This often happens without a fast feedback loop, making it slow to check whether the tweaks one performed really helped. This is thus not only rather frustrating work, but also hard to get right.

In FL, this is not really the case. You are already training on user interactions that closely align with inference, so there is no need to do manual data tweaking work.

That does not mean that there is no work related to the data at all. There is work in accessing the right kind of signals, removing noisy data and inferring the right kind of labels. However, all of this is a much more natural way of approaching the problem. It all comes down to understanding what happens on-device, not to tweaking data based on some high-level intuition.


Privacy is a major motivation for FL and why many people are drawn to it. The whole concept of FL is geared towards data minimization and keeping users’ data private. It feels good to work on such a thing, in a world where privacy has been an afterthought for way too long.

Looking at the work that people are currently doing in FL, there is also a ton of interesting privacy-related work. This ranges from advances in differential privacy to cryptographic aggregation algorithms or model auditing techniques. All of these are super interesting to learn about, while really advancing privacy.

Furthermore, any work that makes it easier to use FL further advances the state of privacy, even if it is not directly privacy-related. This is purely because it gets us closer to a world where FL can be a default option over traditional data collection.

It is futuristic

One of my initial reactions after hearing about FL was that it sounds futuristic. A network of millions of devices is jointly training something intelligent. This also opens up the potential of training large and distributed models.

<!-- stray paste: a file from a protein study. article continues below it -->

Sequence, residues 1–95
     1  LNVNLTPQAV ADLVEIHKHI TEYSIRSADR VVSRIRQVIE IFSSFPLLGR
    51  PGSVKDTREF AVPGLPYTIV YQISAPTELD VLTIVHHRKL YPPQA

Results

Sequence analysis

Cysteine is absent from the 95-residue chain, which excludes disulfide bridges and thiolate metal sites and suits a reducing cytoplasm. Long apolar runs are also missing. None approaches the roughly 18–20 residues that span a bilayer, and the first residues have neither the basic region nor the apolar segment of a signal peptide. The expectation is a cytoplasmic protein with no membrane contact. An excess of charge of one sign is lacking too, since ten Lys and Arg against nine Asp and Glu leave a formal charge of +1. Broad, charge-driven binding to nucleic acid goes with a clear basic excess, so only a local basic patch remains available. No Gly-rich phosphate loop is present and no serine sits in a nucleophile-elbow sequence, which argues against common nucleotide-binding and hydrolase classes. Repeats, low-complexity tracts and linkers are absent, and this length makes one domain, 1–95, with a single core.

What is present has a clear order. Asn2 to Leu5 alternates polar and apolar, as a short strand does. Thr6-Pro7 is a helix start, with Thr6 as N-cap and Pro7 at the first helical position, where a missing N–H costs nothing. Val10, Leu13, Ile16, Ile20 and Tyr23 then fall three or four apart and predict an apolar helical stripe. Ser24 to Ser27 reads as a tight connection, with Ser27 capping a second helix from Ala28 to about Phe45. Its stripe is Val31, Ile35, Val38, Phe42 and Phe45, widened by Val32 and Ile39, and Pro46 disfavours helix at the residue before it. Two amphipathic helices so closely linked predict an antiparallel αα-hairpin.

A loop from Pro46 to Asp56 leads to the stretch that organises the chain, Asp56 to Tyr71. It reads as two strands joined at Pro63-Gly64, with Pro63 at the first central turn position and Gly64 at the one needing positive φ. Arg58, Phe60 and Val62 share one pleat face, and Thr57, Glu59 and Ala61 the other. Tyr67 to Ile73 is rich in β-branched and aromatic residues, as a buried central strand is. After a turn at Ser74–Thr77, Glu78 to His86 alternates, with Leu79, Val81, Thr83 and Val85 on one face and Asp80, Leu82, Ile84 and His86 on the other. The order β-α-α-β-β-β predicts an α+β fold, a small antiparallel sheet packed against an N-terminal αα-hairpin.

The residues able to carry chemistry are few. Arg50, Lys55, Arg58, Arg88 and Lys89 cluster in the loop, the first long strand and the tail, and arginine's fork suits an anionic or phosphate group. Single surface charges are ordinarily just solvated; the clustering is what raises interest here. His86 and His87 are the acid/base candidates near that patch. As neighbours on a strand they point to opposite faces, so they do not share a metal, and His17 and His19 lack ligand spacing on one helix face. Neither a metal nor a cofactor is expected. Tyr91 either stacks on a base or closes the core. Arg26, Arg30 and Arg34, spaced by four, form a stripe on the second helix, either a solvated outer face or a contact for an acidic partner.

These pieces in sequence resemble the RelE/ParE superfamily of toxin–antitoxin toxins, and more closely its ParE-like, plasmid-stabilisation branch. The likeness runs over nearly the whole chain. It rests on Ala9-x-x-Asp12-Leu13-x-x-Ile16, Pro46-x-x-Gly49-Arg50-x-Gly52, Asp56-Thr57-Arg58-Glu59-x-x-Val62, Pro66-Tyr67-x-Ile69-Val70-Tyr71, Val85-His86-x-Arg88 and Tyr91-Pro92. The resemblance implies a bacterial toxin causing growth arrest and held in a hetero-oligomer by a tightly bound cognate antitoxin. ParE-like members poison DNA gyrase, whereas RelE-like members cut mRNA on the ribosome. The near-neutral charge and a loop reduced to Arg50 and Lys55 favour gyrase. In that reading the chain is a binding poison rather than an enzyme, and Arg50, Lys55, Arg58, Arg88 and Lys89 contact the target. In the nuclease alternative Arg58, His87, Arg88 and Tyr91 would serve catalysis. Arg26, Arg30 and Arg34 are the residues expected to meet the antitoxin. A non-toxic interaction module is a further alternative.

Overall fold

Nearly 5 years later, I still feel the same way. It is incredible that something like this exists, already works so well, and is something I get to play with.

It is the right time

There is a quote I really like to consider when picking what to work on:

“The thing that differentiates scientists is purely an artistic ability to discern what is a good idea, what is a beautiful idea, what is worth spending time on, and most importantly, what is a problem that is sufficiently interesting, yet sufficiently difficult, that it hasn’t yet been solved, but the time for solving it has come now.”

– Savas Dimopoulos

FL as a field seems to fit this perfectly. Its time has only come recently, because of advances in machine learning and distributed systems, because phones have become powerful enough, and because internet connections have massively improved in many parts of the world. All of these together have allowed FL to become possible.

In the past few years, FL as a field has now become established and many aspects of it have been explored, leading to it working better and better. However, there are still a ton of challenges left to solve and many places where people are just starting to make use of FL.

This makes me incredibly excited about FL and its future.


I would like to thank Karan Singhal, Sean Augenstein and Kuba Weimann for reading drafts of this post and providing lots of great feedback.